6 Ways Educators Can Protect Themselves from Cyberattacks and Scams
Date Posted: 10/27/2021
October is Cybersecurity Awareness Month, and it is time to once again raise awareness of the dangers of cyberthreats, especially in the education sector. Every year, educators find new and innovative ways to introduce technology into the classroom. This rings especially true now that more students attend school from home, but this shift into the virtual landscape has been met with a rise in cybercrimes targeting educators and students alike.
Schools can be easy targets for cyberattacks because their generally older software and equipment often leave them susceptible. Even though children today spend many hours learning to use the latest devices and social media platforms, they likely do not have the necessary cybersecurity awareness to protect their personal information from online attacks. Here are six tips to help safeguard your information and that of your family and your students:
1. Spot Phishing Attacks
These scams typically come in the form of an email asking you to click a link or provide private information about yourself or one of your accounts. They are often masked as a free offer or a communication from a bank or other trusted institution—even ATPE. When opening an email, look for suspicious elements such as misspelled words, an unfamiliar email address from the sender, and the message that your password is about to expire. If you are unsure, always report the message to your school’s IT team, just in case—and don’t click on any links before you’ve confirmed its authenticity.
2. Avoid Ransomware
Ransomware is a growing threat, and cyberattacks in the education sector are on the rise. Several school districts in Texas have been hit with ransomware. This malware is designed to hold an individual’s or organization’s information hostage until a ransom is paid. The personal information of students can be used for fraudulent purposes, a situation that can go unnoticed for a long time because systems are not typically in place to alert parents. Be sure to adhere to any precautionary measures put in place by your IT department regarding backups, password security, clicking suspicious links, etc.
3. Secure Your Virtual Classroom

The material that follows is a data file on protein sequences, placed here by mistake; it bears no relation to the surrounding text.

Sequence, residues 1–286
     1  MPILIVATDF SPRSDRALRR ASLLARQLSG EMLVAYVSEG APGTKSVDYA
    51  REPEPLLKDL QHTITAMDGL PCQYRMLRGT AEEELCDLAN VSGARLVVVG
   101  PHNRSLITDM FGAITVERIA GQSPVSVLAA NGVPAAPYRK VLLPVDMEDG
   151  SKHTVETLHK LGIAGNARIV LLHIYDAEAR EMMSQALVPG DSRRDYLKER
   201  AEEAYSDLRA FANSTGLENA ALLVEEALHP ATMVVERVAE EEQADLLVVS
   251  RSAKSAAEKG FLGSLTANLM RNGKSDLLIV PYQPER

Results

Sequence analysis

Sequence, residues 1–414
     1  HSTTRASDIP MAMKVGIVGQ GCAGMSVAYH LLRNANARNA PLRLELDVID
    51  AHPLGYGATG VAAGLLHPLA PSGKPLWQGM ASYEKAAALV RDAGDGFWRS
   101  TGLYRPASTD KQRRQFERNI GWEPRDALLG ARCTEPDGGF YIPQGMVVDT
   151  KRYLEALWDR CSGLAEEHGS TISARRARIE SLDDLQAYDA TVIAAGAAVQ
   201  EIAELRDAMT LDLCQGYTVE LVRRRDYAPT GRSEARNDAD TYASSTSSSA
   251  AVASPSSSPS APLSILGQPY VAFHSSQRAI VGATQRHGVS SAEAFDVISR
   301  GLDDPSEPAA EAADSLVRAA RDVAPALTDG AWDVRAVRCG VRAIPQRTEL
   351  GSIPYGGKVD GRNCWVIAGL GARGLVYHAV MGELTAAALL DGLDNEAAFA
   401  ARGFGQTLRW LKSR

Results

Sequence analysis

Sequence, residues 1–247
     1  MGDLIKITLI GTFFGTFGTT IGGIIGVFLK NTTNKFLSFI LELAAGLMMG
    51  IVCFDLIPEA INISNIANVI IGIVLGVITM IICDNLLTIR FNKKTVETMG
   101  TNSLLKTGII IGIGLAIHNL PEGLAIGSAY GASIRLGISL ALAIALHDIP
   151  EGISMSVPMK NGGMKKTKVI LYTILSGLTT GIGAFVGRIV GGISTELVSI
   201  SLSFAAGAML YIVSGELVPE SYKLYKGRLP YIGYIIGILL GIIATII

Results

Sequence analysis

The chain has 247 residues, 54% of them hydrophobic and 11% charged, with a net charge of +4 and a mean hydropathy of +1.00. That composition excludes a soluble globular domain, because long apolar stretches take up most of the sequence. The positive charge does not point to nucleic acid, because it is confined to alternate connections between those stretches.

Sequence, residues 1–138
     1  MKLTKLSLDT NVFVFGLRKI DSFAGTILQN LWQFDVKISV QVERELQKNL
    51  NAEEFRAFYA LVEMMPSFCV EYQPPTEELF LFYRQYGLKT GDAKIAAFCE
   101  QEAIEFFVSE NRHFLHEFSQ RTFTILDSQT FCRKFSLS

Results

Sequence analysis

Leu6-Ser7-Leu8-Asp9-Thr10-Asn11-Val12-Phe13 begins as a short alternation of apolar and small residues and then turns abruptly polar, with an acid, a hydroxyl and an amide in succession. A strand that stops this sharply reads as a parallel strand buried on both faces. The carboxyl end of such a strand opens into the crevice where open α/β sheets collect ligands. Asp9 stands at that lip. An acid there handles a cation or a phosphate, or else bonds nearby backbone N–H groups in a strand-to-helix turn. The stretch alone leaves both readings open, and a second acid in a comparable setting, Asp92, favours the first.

Like any classroom, virtual environments are vulnerable to intruders and must be secured. To keep students safe from cyberattacks while in class, educators should use the technology and devices provided by their school district to hold meetings and communicate with students. Passwords for streaming services should not be shared anywhere publicly accessible, and waiting rooms/lobbies should be added to virtual meetings to prevent unauthorized individuals from interacting with students.
4. Protect Your Passwords
Passwords have become more and more difficult to protect, in part, because of the sheer number of them educators and students must keep up with. When we create simple, easy-to-remember passwords and reuse them for multiple sites and systems, we increase the risk of cyberattacks against our accounts and personal information. Fortunately, by not sharing passwords with others and by using a password manager app—a tool that generates and stores passwords that are extremely difficult to crack—we can avoid this vulnerability in the classroom. Again, be sure to follow your district’s policy related to any passwords for school systems.
5. Adopt Two-Factor Authentication
Cyberthreats target weak passwords and login credentials to exploit education systems and databases. Two-factor authentication (2FA) is another layer of security that requires the person attempting to access the account or website to verify their identity in more than one way. This usually involves both something you have, such as a phone or a fingerprint, and something you know, such as a password or personal identification number (PIN). With this measure in place, a single compromised factor would not be enough for a successful attack. (Before implementing two-factor authentication, be sure that doing so is compatible with school district policy.)
6. Use a Virtual Private Network (VPN)
Whether public or private, Wi-Fi connections are notoriously enticing targets for cyber-criminals because unsecured networks, both in the classroom and at home, have vulnerabilities that can be exploited. To counter this threat, connect to a VPN to encrypt your internet activity and the data you send and receive online. Ask your district’s IT department if a VPN is available to you if you need to access secure information from home. This will help keep personal information and passwords from being stolen and their accounts from being compromised.
For more information on Cybersecurity Awareness Month and how you can protect personal information in and out of the classroom, visit the Cybersecurity and Infrastructure Security Agency website.